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Trump issues revised travel ban for six majority-Muslim countries

President Trump took a second swing at his temporary travel ban Monday, this time targeting travelers from six majority-Muslim countries and crafting his executive order in ways intended to survive challenges in U.S. courts. 

The new ban, which goes into effect March 16, no longer restricts travel from Iraq, one of seven listed in the original order. The 90-day ban now is limited to Iran, Libya, Somalia, Syria, Sudan and Yemen.

As before, the order shuts down the U.S. refugee program for 120 days to give the federal government time to develop "extreme vetting" procedures to prevent terrorists from entering the country. However, Syrians are no longer subject to an indefinite ban, as they were under the first order.

The White House spent weeks drafting the revised ban, coordinating with the departments of State, Justice and Homeland Security to avoid the chaos that followed the Jan. 27 order. That one took immediate, snarling travel for thousands of people around the world and at U.S. airports. This time, federal agencies will have 10 days to prepare before the order goes into effect.

Trump signed his first order during a highly-publicized signing ceremony at the Pentagon. This time, he signed the order in private and sent out Secretary of State Rex Tillerson, Attorney General Jeff Sessions and Homeland Security Secretary John Kelly to issue brief statements.

"It is the president’s solemn duty to protect the American people, and with this order, President Trump is exercising his rightful authority to keep our people safe," Tillerson said. "As threats to our security continue to evolve and change, common sense dictates that we continually reevaluate and reassess the systems we rely upon to protect our country."

The Department of Justice also filed a letter with the 9th U.S. Circuit Court of Appeals on Monday, explaining that Trump's new order "revokes" the first one. That means the 9th Circuit may now drop the case against the first ban, leaving Justice to focus on defending expected legal challenges against the new ban.


While the goal of the executive order remains the same — keeping terrorists out — the administration made several other big changes to avoid being struck down in court.

Nationals of the six countries with legal permanent residence in the U.S. (known as green card holders) are not affected. People with valid visas as of Monday also are exempt. And the order no longer gives immigration preference to "religious minorities," such as Christians who claim they are persecuted in mostly Muslim countries.

Iraq was dropped from the ban after negotiations with the Iraqi government, which vowed to improve the security of its travel documents, share more information on its citizens with the U.S. government and agreed to accept Iraqi nationals who have been ordered deported from the U.S., according to a senior Homeland Security official, who spoke on condition of anonymity to fully discuss the new order ahead of the president's signing.

A federal judge in Seattle issued a nationwide hold on the order after lawyers for travelers detained at U.S. airports filed lawsuits. His ruling was upheld by the 9th U.S. Circuit Court of Appeals.

Federal judges who blocked Trump’s first executive order cited the lack of a national security justification throughout their opinions. The 9th Circuit Court of Appeals, in particular, pressed government lawyers to provide any examples of terrorist acts committed by immigrants from the banned countries to justify the ban.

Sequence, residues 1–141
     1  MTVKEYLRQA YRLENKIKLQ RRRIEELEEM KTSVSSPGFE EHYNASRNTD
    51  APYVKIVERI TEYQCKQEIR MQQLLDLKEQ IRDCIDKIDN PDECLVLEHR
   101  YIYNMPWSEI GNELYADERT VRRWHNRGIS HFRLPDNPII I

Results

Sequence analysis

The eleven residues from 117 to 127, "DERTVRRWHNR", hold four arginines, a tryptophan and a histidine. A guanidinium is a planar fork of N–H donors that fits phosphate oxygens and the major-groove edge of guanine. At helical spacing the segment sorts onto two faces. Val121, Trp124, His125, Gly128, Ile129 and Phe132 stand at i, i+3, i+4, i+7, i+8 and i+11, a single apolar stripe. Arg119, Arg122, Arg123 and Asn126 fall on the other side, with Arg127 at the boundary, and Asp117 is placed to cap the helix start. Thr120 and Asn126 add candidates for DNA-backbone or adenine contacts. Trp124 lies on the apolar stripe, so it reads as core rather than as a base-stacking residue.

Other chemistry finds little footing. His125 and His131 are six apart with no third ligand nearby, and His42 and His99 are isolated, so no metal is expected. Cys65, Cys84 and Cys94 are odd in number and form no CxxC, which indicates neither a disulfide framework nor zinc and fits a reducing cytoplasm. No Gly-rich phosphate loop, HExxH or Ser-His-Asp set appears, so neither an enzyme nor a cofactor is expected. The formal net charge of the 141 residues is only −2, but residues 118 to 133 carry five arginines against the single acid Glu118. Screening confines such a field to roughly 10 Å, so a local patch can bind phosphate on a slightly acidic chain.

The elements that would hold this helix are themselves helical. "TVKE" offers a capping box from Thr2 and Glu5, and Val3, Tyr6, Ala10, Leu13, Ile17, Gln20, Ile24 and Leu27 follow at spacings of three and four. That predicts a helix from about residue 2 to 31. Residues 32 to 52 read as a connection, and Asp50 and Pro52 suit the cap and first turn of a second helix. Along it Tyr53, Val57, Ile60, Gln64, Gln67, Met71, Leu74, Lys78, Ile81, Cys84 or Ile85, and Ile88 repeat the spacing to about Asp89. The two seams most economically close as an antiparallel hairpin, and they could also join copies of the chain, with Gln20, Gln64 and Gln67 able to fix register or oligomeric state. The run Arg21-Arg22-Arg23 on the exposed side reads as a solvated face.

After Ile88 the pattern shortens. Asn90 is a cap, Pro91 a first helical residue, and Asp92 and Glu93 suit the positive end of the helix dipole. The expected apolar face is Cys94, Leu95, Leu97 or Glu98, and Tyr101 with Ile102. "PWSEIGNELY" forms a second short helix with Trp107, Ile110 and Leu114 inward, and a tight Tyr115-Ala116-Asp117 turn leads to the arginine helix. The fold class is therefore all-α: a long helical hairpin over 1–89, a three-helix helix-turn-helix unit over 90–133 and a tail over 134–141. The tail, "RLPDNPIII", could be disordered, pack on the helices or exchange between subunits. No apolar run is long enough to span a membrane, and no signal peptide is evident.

The government lawyers could not provide any examples then, but Monday’s new executive order tries to fix that.

The new order explains the extensive ties that each of the six countries have with terrorist organizations, from Iran’s support of terrorist groups Hezbollah and Hamas to ISIS activities in Libya to an al-Qaeda offshoot operating in Yemen. The summaries also highlight the active combat ongoing in Syria and Libya to make the case that immigrants from those countries cannot be properly vetted.

“In light of the conditions in these six countries ... the risk of erroneously permitting entry of a national of one of these countries who intends to commit terrorist acts or otherwise harm the national security of the United States is unacceptably high,” the order read.

But the order provides few details about terrorist acts that refugees and immigrants from those countries carried out in the U.S. It mentions the arrest of a Yemeni man who was convicted in 2014 of planning a Christmas-time bombing in Portland. But it also mentions the arrest of two Iraqi refugees convicted of “terrorism-related offenses” even though Iraq is no longer included by the executive order.

The order sums up the danger posed by immigrants from those countries by citing an estimate by the FBI, which states that 300 people who entered the U.S. as refugees are currently being investigated by the bureau on suspicion of terrorism. But a Department of Justice official who briefed reporters earlier in the day could not estimate how many of those refugees were admitted from the six countries listed in the ban.

Civil rights and immigration advocacy groups vowed to challenge Trump's order in court, arguing that the tweaks made by the White House don't change the underlying problems facing the travel ban.

Margaret Huang, executive director of Amnesty International USA, said the new order amounts to "the same hate and fear with new packaging." And Omar Jadwat, director of the ACLU’s Immigrants’ Rights Project, said the only way to fix the "Muslim ban" is to not have one at all.

Source: usatoday

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